Playwright Ryan Oliveira uses soccer, eSports to explore complex questions of family & identity
The names of the characters in Ryan Oliveira’s new play, The Soccer Player in the Closet, will be very familiar to most Howler readers.
Cristiano. Bastian. Cobi.
And indeed, Oliveira’s footballers vie for glory and bury dramatic penalty shots, but on a much smaller stage. Their names were chosen with great intention. “I wanted to tether them to some sort of fame in the world,” Oliveira says. “We [as queer people] tie ourselves to fame as a means of survival.”
The Soccer Player in the Closet is a “magical seriocomedy” that tackles issues of family relationships, queerness and masculinity, success and failure. The story centers on Cristiano, a former top-ranked FIFA player who is, quite literally, haunting his apartment, replaying his past and playing the game with anyone who will join him, while his landlady and cousin try to exorcise his stench from the place.
Nothing Without A Company, the Chicago-based ensemble premiering Oliveira’s play, focuses on creating theatre in “non-traditional spaces and environments.” The setting, Cristiano’s apartment above a Chicago flower shop, is literally… an apartment above a Chicago flower shop. Audiences are dropped directly into his living room, jerseys and posters adorning the wall, feeling the tension of watching a particularly close FIFA match, smelling the burning sage and Febreze as the characters attempt to rid the place of his scent.
Oliveira says one of the germs for this play was watching his brother and his friends play FIFA, and being struck by the nature of their dialogue amongst each other, at times intense and sexual. In addition to an opportunity to use FIFA as a means of exploring relationship dynamics between men, eSports made for a particularly compelling lens given the increased visibility and presence of queer people and people of color in gaming. As Oliveira notes, the 2018 Game Awards winner for Best eSports Player was Dominique “SonicFox” McLean, a Black, gay furry.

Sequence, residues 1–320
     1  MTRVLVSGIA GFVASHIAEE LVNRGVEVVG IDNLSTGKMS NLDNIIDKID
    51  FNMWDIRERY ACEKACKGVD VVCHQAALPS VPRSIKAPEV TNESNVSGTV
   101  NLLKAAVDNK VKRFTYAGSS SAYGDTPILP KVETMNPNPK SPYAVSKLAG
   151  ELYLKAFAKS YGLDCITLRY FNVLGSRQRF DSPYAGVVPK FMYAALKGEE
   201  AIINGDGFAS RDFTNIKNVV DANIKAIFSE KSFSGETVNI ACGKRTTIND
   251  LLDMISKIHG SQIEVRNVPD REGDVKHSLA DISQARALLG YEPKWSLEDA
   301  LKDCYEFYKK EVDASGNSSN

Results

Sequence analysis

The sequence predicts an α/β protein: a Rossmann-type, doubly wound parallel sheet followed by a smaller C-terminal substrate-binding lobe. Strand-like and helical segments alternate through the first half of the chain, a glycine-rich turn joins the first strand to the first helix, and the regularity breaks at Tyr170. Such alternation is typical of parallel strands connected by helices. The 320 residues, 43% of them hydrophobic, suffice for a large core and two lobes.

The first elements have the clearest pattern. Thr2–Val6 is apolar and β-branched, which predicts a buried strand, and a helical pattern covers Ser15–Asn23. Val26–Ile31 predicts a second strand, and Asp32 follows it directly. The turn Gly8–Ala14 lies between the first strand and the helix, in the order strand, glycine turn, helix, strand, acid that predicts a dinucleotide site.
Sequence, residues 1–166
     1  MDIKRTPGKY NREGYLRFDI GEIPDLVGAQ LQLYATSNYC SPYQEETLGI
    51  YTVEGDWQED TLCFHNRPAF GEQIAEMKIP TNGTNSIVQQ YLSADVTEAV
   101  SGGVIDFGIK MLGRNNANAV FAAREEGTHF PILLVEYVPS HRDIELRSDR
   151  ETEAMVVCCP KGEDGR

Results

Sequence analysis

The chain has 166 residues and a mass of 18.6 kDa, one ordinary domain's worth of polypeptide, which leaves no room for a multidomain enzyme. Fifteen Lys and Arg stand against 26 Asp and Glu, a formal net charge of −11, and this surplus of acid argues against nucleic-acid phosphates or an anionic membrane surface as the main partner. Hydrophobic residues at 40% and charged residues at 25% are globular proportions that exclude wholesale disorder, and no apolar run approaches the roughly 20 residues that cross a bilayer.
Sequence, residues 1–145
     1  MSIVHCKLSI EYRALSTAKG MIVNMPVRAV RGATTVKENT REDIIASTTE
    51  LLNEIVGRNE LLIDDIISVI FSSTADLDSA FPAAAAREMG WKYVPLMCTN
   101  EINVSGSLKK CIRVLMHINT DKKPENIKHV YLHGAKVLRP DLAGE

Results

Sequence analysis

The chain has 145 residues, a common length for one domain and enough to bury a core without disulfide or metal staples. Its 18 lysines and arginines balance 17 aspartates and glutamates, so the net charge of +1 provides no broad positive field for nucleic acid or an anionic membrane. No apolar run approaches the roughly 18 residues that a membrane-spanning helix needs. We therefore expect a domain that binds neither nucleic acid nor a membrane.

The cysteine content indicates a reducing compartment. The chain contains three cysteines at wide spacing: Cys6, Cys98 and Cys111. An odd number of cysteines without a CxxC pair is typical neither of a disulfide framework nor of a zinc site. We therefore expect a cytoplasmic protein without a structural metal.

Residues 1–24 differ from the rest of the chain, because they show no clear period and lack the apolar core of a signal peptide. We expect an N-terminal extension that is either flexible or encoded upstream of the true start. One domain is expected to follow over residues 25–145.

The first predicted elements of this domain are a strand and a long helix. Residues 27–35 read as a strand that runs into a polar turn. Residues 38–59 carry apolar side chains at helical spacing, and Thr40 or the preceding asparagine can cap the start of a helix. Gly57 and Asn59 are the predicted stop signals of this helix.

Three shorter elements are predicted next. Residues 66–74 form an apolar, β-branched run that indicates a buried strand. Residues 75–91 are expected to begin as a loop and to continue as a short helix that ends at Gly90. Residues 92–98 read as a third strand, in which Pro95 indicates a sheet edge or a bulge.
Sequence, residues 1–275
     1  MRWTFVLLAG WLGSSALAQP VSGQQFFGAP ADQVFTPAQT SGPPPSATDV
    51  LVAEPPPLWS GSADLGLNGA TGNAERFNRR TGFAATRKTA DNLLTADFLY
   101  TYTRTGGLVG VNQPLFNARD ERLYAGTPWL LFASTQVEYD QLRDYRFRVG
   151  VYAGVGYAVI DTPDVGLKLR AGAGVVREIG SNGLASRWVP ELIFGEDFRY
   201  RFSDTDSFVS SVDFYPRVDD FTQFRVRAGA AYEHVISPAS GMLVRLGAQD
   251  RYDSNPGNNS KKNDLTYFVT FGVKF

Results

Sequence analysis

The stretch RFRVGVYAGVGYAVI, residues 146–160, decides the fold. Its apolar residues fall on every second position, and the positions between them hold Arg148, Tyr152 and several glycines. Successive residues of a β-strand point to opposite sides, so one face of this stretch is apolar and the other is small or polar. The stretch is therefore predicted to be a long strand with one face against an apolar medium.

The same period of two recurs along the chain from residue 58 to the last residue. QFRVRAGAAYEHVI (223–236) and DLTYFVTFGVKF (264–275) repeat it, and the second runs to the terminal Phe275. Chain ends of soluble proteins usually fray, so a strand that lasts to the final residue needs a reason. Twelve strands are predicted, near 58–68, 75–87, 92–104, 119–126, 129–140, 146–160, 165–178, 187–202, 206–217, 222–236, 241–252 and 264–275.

“Queer folks can have, through gaming, a method of communing,” he says. “That also tackles their masculinity, their fandom for soccer in a space that would technically be safer for them than Russia or the Mineirão. There’s kind of a magical connection in all that.”
Oliveira first wrote The Soccer Player in the Closet in 2015, following a trip to visit family in Brazil for the first time in more than a decade. When Nothing Without A Company picked it up in 2018, he found himself not just changing character names and conducting more research into eSports communities, but introducing important themes. Following the elections of Donald Trump in the United States and Jair Bolsonaro in Brazil, Oliveira and his play dealt more with those themes of privilege and passing. The play evolved, as he puts it, “from less of a ghost play into more of a sibling play.”
For Oliveira, writing and putting on the play means navigating his own cultural proximities as a queer Brazilian-American, especially at an extremely fraught time for the rights and safety of LGBTQ Brazilians. Last month, Jean Wyllys, Brazil’s only openly gay legislator and a critic of Bolsonaro, resigned and left the country. “There’s this perception of Brazil as a lovely queer bastion, but an LGBT person dies there every single day,” Oliveira says. “And now we have Bolsonaro, who has made very clear his disdain for anybody LGBT. It’s become a much more dangerous place to express desire, particularly this notion of Brazil as this desirous, free place.”